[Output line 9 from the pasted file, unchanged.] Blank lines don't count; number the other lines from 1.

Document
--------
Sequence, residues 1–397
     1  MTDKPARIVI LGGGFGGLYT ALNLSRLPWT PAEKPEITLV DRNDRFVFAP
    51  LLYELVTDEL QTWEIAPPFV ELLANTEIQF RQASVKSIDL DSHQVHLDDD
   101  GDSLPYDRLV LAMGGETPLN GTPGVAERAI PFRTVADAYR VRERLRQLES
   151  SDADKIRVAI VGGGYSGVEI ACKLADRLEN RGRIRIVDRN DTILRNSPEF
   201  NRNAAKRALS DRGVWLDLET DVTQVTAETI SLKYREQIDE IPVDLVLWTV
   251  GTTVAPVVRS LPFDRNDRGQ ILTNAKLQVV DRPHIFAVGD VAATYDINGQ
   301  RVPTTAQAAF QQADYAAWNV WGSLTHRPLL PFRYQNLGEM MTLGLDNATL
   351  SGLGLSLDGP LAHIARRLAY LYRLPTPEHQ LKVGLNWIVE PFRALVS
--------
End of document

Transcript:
   351  SGLGLSLDGP LAHIARRLAY LYRLPTPEHQ LKVGLNWIVE PFRALVS